What’s in store for rest of year
LAST year, just before Christmas, Realestate asked some of Victoria’s leading property experts for their predictions of what our market could expect in 2013. Recently, we ran those predictions past the experts again.
Some were eerily close to the mark, others have since changed their tune.
But they’re all confident their expectations for the rest of 2013 will be spot on.
Previously RP Data analyst Cameron Kusher predicted stock volumes on the Melbourne market would remain high and favour buyers, with prices to remain steady.
RP Data stats show stock volumes are below the same time past year but rose 9.4 per cent in the last month.
And while parts of Melbourne were recently declared more seller-friendly by an RP Data-Commonwealth Bank Home Buyers Index, the lower interest rates are still helping buyers.
However, with established property values growing, Mr Kusher isn’t sure how the Reserve Bank will respond.
‘‘Given the RBA has stated they would like to see a pick-up in housing construction and resurgent value growth is not preferential, it will be interesting to see how this is managed with lower mortgage rates,’’ he said.
Looking ahead he sees the latest rate cut adding fuel to the market recovery.
Investors may also be more tempted by stronger growth in Sydney, Perth or even Brisbane where a longer correction than most cities is expected to turn back up soon.
little bit wrong,’’ Mr Larocca said.
But he’s still not expecting double digit growth for the year.
‘‘The rises we have had are more sustainable than we have had in previous cycles,’’ he said.
He’d also hoped to see consumer confidence rise but feels it has further to go yet. ‘‘Consumer confidence remains a bit soft so we haven’t seen the rise in sales that is necessary for very strong price growth.’’
A bevy of tips from Mr Yates included a continued low interest rate climate, growing demand from foreign buyers and new developments to gain popularity in South Yarra, Richmond and Middle Park.
With falling rates joined by a falling Australian dollar foreign buyers are stepping up their activity, according to Mr Yates. ‘‘Foreign buyers, and in particular Malaysian and Singaporean, are certainly entering the market, and more noticeably so of recent times with the plunging Aussie dollar,’’ he said.
And with the election now called he’s expecting the market to move into growth mode by the end of the year off the back of growing migration to Victoria, low interest rates, stable employment and Melbourne retaining its position as one of the world’s most liveable cities.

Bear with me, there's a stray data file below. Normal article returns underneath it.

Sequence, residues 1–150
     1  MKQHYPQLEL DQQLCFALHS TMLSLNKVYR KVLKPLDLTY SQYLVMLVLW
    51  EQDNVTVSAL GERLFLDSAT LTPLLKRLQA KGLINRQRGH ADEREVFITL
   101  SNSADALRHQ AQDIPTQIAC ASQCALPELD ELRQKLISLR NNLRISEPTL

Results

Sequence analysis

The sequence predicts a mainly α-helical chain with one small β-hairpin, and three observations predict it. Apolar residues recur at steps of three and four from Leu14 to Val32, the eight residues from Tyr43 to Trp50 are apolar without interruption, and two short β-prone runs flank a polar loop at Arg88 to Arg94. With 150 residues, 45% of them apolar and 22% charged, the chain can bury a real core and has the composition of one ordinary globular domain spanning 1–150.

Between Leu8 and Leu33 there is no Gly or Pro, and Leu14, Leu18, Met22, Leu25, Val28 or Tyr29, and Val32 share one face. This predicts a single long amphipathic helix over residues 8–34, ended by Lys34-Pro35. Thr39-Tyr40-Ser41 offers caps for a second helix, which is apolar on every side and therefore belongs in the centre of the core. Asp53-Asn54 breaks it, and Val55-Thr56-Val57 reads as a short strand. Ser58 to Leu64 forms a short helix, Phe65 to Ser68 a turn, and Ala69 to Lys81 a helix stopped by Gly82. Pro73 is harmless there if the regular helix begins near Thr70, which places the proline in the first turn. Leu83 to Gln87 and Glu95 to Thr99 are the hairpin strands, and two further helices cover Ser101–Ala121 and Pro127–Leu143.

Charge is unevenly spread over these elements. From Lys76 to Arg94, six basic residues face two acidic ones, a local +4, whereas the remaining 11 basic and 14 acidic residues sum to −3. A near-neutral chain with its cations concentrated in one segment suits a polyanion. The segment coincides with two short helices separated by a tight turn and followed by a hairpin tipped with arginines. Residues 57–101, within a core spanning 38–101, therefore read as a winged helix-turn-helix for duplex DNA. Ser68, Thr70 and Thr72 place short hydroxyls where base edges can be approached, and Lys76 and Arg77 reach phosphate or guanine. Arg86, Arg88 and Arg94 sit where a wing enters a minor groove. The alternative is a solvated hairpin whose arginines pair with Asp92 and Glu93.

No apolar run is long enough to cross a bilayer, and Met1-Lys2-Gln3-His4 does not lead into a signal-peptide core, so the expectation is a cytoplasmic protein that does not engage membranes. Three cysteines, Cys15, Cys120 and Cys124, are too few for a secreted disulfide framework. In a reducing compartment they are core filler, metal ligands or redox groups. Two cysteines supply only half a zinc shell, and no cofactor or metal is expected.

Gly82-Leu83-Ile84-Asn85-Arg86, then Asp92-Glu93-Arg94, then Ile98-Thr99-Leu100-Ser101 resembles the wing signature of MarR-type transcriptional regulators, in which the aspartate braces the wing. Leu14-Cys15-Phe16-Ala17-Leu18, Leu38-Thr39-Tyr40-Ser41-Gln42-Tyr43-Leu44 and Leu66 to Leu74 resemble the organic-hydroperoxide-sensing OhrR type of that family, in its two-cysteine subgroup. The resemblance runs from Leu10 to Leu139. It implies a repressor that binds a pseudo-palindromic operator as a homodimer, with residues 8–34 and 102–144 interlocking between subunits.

Mr Pabst expected housing in inner Melbourne would be the primary area to watch for growth this year, though there would be growth in middle-ring suburbs. He also foreshadowed RBA concerns around oversupply of Dockland and CBD apartments and buyers pursuing lower quality homes. He’s been spot on. ‘‘Buyers are now paying an estimated 10 per cent more than this time last year for quality established units and villa apartments under $650,000 situated in well-located streets in Melbourne’s inner suburbs,’’ Mr Pabst said.
Declining interest rates and belowpeak prices have been the key drivers, but limited houses being listed has encouraged competition from buyers.
‘‘The ferocity of demand in the market has seen prices rise across the board, not just for quality assets, further supporting the claim that buyers are less discriminatory than they were 12 months ago,’’ he said.
Easy-care lifestyle options continue to gain support and the west still has most of the affordable homes — in line with Mr O’Neil’s expectations. ‘‘The (easy-care) trend is gathering momentum as evidenced by the fact that apartments and units are currently averaging clearance rates between 70 and 75 per cent,’’ he said.
He is standing by his tip for attention from long-term investors to rise in Box Hill, Dandenong, Footscray, Frankston and Ringwood.
But has noted some caution for Geelong and Broadmeadows, which he also picked out.
‘‘There is still some debate about how areas like Broadmeadows and Geelong will perform after key employers in these areas announced closures and restructures,’’ he said.
But he has been surprised by the strength of suburbs with sought-after school catchments, particularly in Balwyn, Hawthorn and Glen Iris.
And Mr O’Neil is expecting spring to deliver a surge in homes for sale, especially once the election is resolved, and help to address pent up demand from buyers.
Mr Nugent’s expectations for this year included a recovery in prices, stock levels to favour buyers, and comfortable market growth.
A full market recovery is expected by Christmas. But Mr Nugent believes 2013 is becoming a ‘‘Goldilocks year’’ with stock running hot and cold.
‘‘There’s been enough stock out there to satisfy demand whilst rewarding most vendors with some capital growth,’’ he said.
‘‘However finding quality stock to buy this winter has been hard.’’
Mr Nugent tipped blue chip property as the class to buy, but admits competition is growing and stock limited.
‘‘It may be the case that buyers will have to expand budgets in spring 2013 to secure the prize,’’ he said.
He now has a few warnings: any further cuts to interest rates could lead to the Reserve Bank hiking them up quickly and quality property at reasonable prices may soon disappear. * Robert Larocca has left the REIV, but provided comments for this story before his departure